A book and flowers lay at the scene of the attack in Sousse, Tunisia. Photo / AP
Victims of the Tunisian terror attack are considering legal action
against the tour operators and hotel owners at the resort where 30
British tourists were massacred. Survivors call in lawyers to question whether security was adequate
at resort in Sousse where 30 Britons were massacred by jihadi terrorist
Nine survivors have instructed
lawyers to begin investigations into the atrocity amid concern over the
lack of security in Sousse.
Seifeddine Rezgui, 23, a jihadi
terrorist, went on the rampage on June 26, armed with a Kalashnikov
rifle, killing 38 tourists, most of them British. Armed also with
home-made bombs and grenades, his killing spree stopped only when he ran
out of ammunition.
The attack followed a series of terrorist
incidents in Tunisia, including a failed attempt to blow up tourists on
the same stretch of beach in October 2013 and the
attack on the Bardo National Museum in Tunis in March in which 23 people, including 19 tourists, died.
The Telegraph reported concerns of survivors who complained
they were told by tour operators it was safe to travel to Tunisia. An
audit by Olivier Guitta, a terrorism expert, found evidence of 50
terrorist attacks in Tunisia since 2013.
Irwin Mitchell, one of
the country’s biggest law firms dealing with personal injury claims, has
been instructed by survivors to begin its own inquiry, not least into
whether tourists were made aware of the dangers of travelling to the
Legal claims by victims and their families could total tens of millions of pounds.
Garner, head of Irwin Mitchell’s international personal injury team,
said: “Now the remaining tourists have come home, questions need to be
answered as to whether the security measures on the beach and in the
surrounding hotels in Sousse at the time of the attack were at an
“British holidaymakers and other witnesses
have raised concerns about the lack of visible security in and around
the resort, which is at odds with the level of threat in the region. We
think there are areas worthy of investigation.”
Murray, 25, remains in hospital in the UK after being shot in both legs.
She also suffered shrapnel injuries following an explosion at the Riu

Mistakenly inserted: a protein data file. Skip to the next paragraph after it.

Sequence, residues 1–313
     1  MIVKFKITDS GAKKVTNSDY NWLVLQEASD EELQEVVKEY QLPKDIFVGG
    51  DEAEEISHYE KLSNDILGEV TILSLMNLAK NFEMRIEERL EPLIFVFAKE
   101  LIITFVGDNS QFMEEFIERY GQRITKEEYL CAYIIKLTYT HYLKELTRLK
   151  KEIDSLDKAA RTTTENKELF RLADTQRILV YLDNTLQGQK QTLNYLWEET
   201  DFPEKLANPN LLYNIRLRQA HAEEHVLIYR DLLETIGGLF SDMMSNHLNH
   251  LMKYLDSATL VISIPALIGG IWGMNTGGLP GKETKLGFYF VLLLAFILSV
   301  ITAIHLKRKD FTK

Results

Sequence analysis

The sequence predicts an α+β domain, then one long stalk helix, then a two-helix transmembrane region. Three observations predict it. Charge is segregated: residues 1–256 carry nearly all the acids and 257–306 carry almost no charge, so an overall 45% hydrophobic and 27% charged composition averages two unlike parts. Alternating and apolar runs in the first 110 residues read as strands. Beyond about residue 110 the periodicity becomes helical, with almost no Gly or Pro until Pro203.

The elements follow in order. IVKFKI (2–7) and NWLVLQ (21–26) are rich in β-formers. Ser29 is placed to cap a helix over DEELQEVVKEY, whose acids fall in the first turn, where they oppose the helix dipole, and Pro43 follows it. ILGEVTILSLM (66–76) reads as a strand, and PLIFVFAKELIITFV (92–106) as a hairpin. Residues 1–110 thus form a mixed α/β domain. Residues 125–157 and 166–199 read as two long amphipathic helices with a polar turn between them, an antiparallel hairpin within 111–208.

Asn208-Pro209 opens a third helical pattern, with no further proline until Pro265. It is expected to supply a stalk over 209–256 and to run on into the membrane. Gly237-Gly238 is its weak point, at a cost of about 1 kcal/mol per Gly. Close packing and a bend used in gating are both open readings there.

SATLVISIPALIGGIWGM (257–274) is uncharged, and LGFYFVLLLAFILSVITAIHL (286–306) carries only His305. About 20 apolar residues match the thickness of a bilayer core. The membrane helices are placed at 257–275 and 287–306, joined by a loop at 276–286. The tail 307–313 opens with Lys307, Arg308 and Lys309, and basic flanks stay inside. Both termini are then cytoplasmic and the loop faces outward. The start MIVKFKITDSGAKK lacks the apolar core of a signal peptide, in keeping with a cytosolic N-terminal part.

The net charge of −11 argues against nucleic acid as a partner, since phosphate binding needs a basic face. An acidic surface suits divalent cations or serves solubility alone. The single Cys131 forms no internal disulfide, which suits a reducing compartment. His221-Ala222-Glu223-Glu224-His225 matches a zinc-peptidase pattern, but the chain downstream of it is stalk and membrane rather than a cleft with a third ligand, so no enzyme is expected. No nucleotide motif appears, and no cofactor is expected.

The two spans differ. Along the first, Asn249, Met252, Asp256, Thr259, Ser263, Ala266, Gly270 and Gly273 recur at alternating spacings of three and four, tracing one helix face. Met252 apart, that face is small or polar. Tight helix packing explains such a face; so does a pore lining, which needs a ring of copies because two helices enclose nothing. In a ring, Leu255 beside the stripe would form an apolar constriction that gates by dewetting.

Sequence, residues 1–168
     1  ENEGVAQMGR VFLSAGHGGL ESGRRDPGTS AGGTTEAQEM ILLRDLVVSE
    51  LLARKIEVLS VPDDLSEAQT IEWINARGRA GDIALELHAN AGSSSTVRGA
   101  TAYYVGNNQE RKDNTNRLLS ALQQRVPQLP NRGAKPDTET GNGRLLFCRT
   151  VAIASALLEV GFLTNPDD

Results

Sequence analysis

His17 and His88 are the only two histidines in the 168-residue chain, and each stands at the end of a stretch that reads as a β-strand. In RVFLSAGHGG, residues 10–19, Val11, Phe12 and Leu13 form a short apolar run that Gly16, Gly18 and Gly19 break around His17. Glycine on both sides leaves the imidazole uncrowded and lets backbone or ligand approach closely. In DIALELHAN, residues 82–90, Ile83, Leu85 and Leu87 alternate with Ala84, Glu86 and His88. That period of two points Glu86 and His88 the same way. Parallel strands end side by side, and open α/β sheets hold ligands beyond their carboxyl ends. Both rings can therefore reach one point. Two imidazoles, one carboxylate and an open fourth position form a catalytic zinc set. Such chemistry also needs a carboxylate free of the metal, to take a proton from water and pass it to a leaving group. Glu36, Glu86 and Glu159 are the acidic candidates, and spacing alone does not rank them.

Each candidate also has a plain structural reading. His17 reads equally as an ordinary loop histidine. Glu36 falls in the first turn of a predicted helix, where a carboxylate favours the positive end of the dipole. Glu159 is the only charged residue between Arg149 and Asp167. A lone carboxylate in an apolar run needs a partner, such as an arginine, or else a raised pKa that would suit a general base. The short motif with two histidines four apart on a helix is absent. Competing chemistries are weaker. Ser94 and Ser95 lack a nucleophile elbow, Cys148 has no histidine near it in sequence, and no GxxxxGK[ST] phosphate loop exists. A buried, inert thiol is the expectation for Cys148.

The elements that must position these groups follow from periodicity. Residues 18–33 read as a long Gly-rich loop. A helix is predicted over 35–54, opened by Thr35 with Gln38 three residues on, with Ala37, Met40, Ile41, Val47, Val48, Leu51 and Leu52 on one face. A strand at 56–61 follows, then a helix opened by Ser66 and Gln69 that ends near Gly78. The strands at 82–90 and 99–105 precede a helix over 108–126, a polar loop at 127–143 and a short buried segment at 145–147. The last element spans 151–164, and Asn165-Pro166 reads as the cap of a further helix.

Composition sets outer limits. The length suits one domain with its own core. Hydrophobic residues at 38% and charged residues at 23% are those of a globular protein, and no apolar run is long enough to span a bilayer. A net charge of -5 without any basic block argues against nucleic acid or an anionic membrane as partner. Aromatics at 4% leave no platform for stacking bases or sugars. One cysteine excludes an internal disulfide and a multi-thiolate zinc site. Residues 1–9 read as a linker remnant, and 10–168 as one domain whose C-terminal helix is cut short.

Imperial Marhaba Hotel.
The nursery worker and her fiancé, Radley
Ruszkiewicz, were sunbathing by the hotel’s pool when Rezgui entered,
having already murdered a number of tourists on the beach.
Murray’s father Neil, from Colchester in Essex, said: “From my
experience of being out there just hours after the attack happened, I
feel there are unanswered questions about the security in and around the
“That close to Libya and Algeria where there have also
been incidents in recent years, I’d have thought security would be much
Just over a month before the attack, an armed group
which has claimed allegiance to the Islamic State in Iraq and the Levant
(Isil), tweeted a warning to Western tourists.
It said: “To the
Christians planning their summer vacations in Tunisia, we can’t accept
you in our land while your jets keep killing our Muslim Brothers in Iraq
& Sham [the Levant]. But if you insist on coming, then beware
because we are planning for you something that will make you forget
TUI, the travel conglomerate that owns Thomson,
the tour operator, and the Imperial Marhaba hotel, has confirmed that 33
of the fatal victims were its customers, including all 30 Britons.
Thomson spokesman said the company had stepped up security in the wake
of the Bardo museum attack in March and that it had followed Foreign
Office travel advice, which did not prohibit travel to Tunisia.
Foreign Office travel advice to Tunisia after the Bardo attack did not
explicitly prohibit travelling to the area but it stated: “There is a
high threat from terrorism, including kidnapping. Attacks could be
indiscriminate, including in places visited by foreigners.”
The Foreign Office now advises “against all but essential travel” to Tunisia.